Jan 7th 1788

Invoice of 58 Iron Cannon, 59 carriages and 775 shot shipped by Richard Crawshay in the Count de Nord, Cap'n Waters for Constantinople.....consigned to Messrs Humphreys & Co merchants at Constantinople for sale..

56 Guns---24 pounders; 2 Guns---32 pounders. [149 tons,7 cwts,3 qs,5 lbs @12/-] =£1792.14.8
59 Carriages at £6 each =£354.-.-.
683 Round shot---24 pdr ; 92 Round shot---32 pdr. [8 tons, 8 cwt, 2 Qs, 15 lbs] = £84.6.4
Total Invoice £2231.1.0.

To H & Jno Humphreys & Co;
During the late war I was concerned in a considerable contract with our Government for Iron Ordnance at the ending of which some were thrown on the hands of all Contractors, for a variety of reasons that an ingenious Board can invent when no longer in want of the Stores---amongst which were 58 cannon of 24 and 32 pounders which have undergone the proof at Woolwich. They are all cast solid and bored of the very best metal....and when disposed of remit to me the proceeds in good Bills on Paris or England...the latter I prefer.
N.B I have invoiced these guns at £12 only ....our Gov't gave £18 all the war and I hope your sales will produce me still more..................

......................................................................[Gareth 12 July 2000 G]

Jan 23 1788

Letter to Wm Dent indicating "that he is to build 1/16 of ship building for Capt Wordworth at Harwich---to supply iron stores as are wanted for the ship. viz. Kentledge, Guns, Shott and anchors."

I love certainties in contract and therefore give the prices of our articles, viz;

Qnt Kentledge 23---£5.10. per ton
Anchors delivered at Harwich---£38
Guns proved and delivered at Woolwich---£16+
Round Shott---12
Double lead---15

To be paid for as the other supplyers of Stores are."

[ Kentledge is pig iron used as permanent ballast]


8 Feb 1788

Letter to James Cockshutt; " but I am sorry to repeat , business is not your Forte---and how are we to continue those Concerns gives me no small uneasiness"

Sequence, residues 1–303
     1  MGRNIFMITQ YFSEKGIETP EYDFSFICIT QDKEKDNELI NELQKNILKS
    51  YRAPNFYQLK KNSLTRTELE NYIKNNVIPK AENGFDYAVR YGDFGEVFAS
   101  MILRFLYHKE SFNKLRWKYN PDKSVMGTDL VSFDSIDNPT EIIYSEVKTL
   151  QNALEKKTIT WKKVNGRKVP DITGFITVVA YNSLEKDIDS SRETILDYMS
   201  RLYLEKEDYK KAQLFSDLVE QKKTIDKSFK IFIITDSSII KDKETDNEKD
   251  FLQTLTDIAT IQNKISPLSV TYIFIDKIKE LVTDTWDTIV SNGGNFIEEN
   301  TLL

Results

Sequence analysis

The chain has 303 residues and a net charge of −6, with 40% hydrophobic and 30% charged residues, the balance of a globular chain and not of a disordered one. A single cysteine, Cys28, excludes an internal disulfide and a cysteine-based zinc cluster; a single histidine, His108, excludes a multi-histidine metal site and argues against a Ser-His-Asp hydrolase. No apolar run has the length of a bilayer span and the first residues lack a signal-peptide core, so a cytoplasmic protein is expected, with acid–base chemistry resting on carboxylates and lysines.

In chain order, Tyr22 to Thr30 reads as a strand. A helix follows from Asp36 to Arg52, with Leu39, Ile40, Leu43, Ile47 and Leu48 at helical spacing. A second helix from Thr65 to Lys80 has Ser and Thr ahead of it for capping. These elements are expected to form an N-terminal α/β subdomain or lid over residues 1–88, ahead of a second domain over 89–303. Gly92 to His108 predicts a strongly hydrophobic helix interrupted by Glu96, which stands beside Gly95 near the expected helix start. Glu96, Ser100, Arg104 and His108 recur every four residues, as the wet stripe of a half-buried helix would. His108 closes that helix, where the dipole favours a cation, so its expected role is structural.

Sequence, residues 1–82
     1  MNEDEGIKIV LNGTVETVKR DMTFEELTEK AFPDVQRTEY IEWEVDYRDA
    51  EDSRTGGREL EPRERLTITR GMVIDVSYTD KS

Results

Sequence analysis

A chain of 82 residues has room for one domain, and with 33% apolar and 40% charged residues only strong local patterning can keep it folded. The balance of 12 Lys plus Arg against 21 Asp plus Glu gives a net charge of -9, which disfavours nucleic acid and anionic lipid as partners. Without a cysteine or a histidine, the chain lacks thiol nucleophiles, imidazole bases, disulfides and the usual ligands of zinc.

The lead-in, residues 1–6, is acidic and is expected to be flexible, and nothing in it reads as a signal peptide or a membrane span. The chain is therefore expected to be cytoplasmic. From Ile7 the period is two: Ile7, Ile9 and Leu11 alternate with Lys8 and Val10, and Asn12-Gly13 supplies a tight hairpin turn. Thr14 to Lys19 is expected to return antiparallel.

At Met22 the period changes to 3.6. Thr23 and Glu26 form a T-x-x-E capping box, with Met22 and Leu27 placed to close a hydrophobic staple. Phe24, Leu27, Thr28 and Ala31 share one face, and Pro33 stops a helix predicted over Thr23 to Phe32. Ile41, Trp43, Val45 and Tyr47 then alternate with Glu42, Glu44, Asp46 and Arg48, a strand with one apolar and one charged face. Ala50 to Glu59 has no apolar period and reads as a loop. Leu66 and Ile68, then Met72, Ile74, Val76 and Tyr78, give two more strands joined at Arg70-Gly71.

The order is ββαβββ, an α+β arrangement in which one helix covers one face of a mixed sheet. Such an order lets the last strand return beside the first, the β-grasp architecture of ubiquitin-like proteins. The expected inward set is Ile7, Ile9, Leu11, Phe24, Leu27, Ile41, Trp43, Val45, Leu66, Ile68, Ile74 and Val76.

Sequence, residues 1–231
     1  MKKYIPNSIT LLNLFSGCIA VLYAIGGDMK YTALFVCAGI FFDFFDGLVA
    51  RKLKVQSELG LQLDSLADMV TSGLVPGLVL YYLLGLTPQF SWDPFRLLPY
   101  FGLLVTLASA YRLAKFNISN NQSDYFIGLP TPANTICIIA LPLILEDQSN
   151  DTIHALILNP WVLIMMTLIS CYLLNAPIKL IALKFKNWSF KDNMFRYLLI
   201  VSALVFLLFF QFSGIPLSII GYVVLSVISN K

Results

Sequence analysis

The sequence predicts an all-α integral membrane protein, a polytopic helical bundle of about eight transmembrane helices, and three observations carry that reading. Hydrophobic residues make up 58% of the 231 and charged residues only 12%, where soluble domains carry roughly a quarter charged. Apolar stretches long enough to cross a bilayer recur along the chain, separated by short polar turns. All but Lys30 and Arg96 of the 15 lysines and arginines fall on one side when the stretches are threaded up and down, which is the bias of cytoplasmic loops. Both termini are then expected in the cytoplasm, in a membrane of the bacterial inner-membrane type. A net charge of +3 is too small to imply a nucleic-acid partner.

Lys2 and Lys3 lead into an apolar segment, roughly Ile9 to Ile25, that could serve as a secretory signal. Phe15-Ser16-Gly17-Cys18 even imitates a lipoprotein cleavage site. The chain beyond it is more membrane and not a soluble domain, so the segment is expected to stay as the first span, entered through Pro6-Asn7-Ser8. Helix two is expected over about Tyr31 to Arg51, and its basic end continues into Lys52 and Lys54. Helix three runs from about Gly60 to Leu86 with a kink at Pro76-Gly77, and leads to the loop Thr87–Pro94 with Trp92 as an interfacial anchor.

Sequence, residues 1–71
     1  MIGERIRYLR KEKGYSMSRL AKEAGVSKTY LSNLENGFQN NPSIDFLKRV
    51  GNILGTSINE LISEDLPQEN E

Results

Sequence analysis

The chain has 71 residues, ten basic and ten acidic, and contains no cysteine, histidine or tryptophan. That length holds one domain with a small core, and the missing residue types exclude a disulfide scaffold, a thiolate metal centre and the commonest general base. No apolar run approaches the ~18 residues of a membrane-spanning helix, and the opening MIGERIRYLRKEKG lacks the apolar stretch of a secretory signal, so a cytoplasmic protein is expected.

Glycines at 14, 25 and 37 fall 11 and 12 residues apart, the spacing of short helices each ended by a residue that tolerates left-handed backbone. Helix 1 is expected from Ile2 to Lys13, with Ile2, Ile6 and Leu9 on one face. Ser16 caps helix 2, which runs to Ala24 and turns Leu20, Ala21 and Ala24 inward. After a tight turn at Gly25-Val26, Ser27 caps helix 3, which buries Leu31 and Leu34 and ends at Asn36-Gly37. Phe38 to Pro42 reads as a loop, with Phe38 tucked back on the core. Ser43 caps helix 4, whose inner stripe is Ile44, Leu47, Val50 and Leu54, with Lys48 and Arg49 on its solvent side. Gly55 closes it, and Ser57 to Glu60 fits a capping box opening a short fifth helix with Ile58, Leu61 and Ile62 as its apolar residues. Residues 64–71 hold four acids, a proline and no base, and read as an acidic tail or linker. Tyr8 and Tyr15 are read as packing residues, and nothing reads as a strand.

[ those means here the works of Cyfarthfa and Penydarren]


26 Feb 1788

Letter to James Cockshutt; "I desire you will not think of sending Stamped Iron to Cardiff---its disgraceful enough to sell our Metal in Blooms---in Stamps ruinous---either determine on more masterly conduct  or give it quite up. ...........................He [Mr Cort ]says you should make 25 Tons per week---I wish it may prove so."


20 March 1788

Letter to  James Cockshutt ; " I am really weary with alarms and finding fault with your inattention or exertions or want of abilities.......I hope that we shall meet in April with more pleasure than has for 1 1/2 years past been the case. Your sincere friend RC."


30 Sept 1789

Letter to  James Cockshutt ; " I received yours of the 23 inst. concerning the Balance Sheet---a frightful one it is and has kept me awake all night and further comments by letter will be no good."


25 Feb 1790

Letter to  James Cockshutt ;" We want a man of business in our Concerns---at present there's not one among you. Leave off useless calculations."


15 July 1791

Letter to Col. W. Dalrymple ;"  Perseverance is my motto......To return to the Iron Trade I am a pretty considerable Ironmaster---and with 2 Furnaces of my own and 2 of my neighbours whose whole product I take---we produce jointly 140 tons of pigs weekly---and my Forges and Mill are able to make 100 tons a week......We find from experience when we make most the quality is the better."


24 August 1791

Letter to  James Cockshutt ; " ...let us prepare ourselves for a sale or some mode of disposing of our Works--- this government of them cannot be endured."


29 August 1791

Letter to Brook Watson Esq. ; " To make pig iron cheap and in quantity with one furnace only at 25 tons a week should be the first object---and the probable outift[sic] before you bring any to market would be at least £8000 exclusive of Royalty which from the original letter is only £300......In the £8000 I have only calculated on building a Furnace, Workmens habitation and opening the mines, carriages and common tools for the Work--- I will allow 3 years before you are fairly at work."


1 Sept 1791

Letter to  William Stevens and William Crawshay, Gents;

[the detailed accounts for Cyfarthfa  show a net profit for the half year of £849] ".....it appears we have been trading 5 1/2 years with an enormous capital for the supposed profit.............to very bad management this great fall off from a reasonable profit must be attributed---the last 6 months were the worst---loss when our expectations were raised to expect a real profit..The capital load on myself.....can no longer be tolerated...........settle a plan for JCs immediately withdrawel from the Works..........